US – Recognising the ongoing popularity of digital artworks, GIF database Giphy has translated moving images into a physical book format. The publication, Frame by Frame, is limited to just 750 copies, and is the culmination of 35 international artists responding to Giphy’s Be Animated mission statement. To create dynamic pages, the book uses lenticular holograms, stickers and image flips.
Each page also features a QR code for readers to view the animations on their smartphones. This phygital approach allows people to appreciate intricate details of GIF artwork, while also experiencing it in its original form. Commenting on its diverse group of contributors, Giphy says: ‘... flipping through the pages reveals a vibrant and diverse world of claymation, celluloid [hand-drawn] animation, drawing on bodies, computer renders and photographic portraits – all of which are united by a love for the animated GIF.’
By celebrating digital art, Giphy is packaging up design in a way that appeals to the mindsets of Gen Viz, a visual-first generation whose communications are dominated by emojis, videos and animations.
Businesses operating primarily in online spaces should recognise the potential for combining physical and digital marketing. Particularly when reaching young people, be sure to offer visual communications in hybrid formats
A new-born baby incubator for Sub-Saharan climates
Robust Nest designed by Fabien Roy
Robust Nest designed by Fabien Roy
Africa and Switzerland – Designer and architect Fabien Roy has responded to future challenges of extreme climate conditions with the creation of an incubator for new-born babies for use inSub-SaharanAfrica. His project, Robust Nest, is able to safely protect new-born babies during transportation or in regions with poor electrical supply.
While conventional incubators for new-borns can fail to provide sufficient heat due to power outages and vulnerability to humidity, Robust Nest provides a climate-specific solution to the threat of hypothermia in babies. A statement on Fabien Roy’s website explains: ‘Compact, robust and affordable, Robust Nest allows the transport of patients in vehicles, resists frequent power cuts – thanks to a special thermal battery developed by EPFL – and is characterised by components that can be easily replaced.’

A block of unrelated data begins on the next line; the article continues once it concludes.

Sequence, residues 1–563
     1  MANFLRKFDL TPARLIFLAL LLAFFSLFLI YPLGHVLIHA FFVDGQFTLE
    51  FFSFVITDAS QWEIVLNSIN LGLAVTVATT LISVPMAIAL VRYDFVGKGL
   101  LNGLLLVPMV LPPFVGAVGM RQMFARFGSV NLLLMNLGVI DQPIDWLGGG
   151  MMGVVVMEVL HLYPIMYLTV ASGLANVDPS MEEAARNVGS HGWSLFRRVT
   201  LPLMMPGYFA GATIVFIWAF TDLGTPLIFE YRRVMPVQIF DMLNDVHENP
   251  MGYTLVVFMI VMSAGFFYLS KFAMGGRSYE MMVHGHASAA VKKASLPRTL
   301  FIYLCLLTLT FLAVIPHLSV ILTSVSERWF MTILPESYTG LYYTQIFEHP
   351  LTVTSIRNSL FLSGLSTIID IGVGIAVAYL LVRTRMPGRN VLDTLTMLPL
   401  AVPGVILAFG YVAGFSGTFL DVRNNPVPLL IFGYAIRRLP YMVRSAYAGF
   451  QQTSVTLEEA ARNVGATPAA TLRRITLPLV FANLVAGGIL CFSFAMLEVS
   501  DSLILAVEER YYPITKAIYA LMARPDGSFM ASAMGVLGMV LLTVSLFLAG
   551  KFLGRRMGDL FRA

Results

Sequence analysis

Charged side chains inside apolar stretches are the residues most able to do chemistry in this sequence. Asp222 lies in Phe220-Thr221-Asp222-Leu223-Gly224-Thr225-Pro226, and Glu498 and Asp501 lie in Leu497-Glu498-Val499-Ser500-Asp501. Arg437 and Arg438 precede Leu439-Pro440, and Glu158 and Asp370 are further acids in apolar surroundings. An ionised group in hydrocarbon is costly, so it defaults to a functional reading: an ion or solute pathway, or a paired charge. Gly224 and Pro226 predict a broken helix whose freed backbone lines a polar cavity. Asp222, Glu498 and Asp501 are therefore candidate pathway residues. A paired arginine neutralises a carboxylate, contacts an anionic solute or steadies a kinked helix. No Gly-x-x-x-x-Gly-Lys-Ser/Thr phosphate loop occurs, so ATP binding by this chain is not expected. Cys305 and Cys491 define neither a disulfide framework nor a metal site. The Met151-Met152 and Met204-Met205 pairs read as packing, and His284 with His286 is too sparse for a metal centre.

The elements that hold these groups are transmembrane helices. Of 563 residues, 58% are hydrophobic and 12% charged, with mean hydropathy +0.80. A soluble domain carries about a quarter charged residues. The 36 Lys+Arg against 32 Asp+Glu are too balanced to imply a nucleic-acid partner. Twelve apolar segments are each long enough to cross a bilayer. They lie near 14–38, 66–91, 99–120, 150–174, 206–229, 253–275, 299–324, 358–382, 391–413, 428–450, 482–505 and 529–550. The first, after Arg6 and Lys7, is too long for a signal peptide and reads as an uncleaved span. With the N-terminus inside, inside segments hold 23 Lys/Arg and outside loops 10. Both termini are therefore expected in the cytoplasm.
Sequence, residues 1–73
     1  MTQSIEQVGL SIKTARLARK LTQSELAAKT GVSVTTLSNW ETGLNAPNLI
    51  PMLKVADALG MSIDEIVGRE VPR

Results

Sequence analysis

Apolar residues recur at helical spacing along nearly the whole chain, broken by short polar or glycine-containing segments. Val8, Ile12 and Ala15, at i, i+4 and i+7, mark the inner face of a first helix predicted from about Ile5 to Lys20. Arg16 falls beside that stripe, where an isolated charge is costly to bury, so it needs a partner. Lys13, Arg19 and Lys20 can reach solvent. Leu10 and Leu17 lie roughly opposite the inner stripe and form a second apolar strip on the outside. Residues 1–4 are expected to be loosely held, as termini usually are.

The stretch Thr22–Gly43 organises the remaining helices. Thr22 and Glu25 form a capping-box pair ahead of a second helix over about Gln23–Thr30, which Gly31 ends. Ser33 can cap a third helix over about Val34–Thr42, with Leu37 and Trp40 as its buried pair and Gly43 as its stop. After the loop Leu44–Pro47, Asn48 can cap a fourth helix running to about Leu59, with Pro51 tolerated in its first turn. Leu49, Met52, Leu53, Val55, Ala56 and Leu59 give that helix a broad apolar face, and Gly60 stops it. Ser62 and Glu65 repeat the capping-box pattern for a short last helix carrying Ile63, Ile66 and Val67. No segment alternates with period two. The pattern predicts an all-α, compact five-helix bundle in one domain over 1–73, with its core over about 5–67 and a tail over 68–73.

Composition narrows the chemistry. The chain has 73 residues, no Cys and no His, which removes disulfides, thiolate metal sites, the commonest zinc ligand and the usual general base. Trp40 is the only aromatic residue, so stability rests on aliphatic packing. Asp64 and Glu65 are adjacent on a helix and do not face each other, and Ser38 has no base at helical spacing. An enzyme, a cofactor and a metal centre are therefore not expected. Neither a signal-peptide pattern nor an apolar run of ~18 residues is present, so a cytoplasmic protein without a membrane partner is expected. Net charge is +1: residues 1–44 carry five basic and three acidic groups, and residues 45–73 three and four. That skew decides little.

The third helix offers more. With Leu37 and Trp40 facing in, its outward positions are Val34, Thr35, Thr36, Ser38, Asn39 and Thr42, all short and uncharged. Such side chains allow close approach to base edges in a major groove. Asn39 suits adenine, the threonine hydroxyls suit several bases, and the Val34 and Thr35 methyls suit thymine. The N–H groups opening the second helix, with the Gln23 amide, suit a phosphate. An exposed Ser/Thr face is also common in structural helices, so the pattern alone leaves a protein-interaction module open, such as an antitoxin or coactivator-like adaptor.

Beyond medical innovations, designers must consider the future scenarios they will need to create solutions for, particularly as the climate crisis becomes more alarming, there is a clear need for more adaptive products
Telfar’s TV channel enables inclusive hype
New York – The burgeoning luxury brand is making a foray into the retailtainment space with the launch of its own television channel.
Available on a dedicated website and app, as well as on streaming services like Apple TV and Roku, Telfar TVwill use a QR code system to allow viewers to buy product drops using its Bag Security Program. The channel will also stream monthly live events hosted by the label, alongside content submitted by Telfar fans.
In keeping with the brand’s inclusive approach, and its slogan ‘It's not for you — it's for everyone’, Telfar's channel will be a public access network for anyone to participate in its accessory drops. Here, the brand is exploring the idea of Luxtainment as an alternative and long-term strategy for reaching its customers and appealing to new audiences.
Meanwhile, the brand’s decision to take an inclusive approach to drop culture reflects a wider shift taking place in the industry. Discover more ways that fashion and luxury can reframe hype in our opinion piece from streetwear brand Ballyhoo.
Luxury brands can connect with broader audiences by engaging them through entertainment channels like television, radio or podcasts. Push this approach further by welcoming content submissions from your customers and fans
Stat: Covid-19 hinders Indian schoolchildren’s progress
The Gyaan Centre, India
With many schools forced to close during outbreaks of Covid-19, there is growing evidence that children in India are facing significant academic decline as a result. According to the School Children’s Online and Offline Learning report, this impact is particularly apparent in households without access to digital devices.
The research shows that nearly 40% of students in underprivileged households have not been studying at all. Meanwhile, only one in four children in India have access to a digital device, and nearly half of the children in the country have no means to study online. As well as resulting in a significant drop in literacy levels, there are also fears that this could cause more children to drop out of school altogether.
While many educational organisations across the world have innovated in response to pandemic-related closures, current Scattered Schools are heavily reliant on digital connectivity. To bolster educational access in countries like India, there is a need for alternative initiatives that provide offline learning experiences.
Brands have an opportunity to support underprivileged households by facilitating communal learning spaces outside of traditional school environments, while telecom organisations can use their networks to provide local connectivity for schools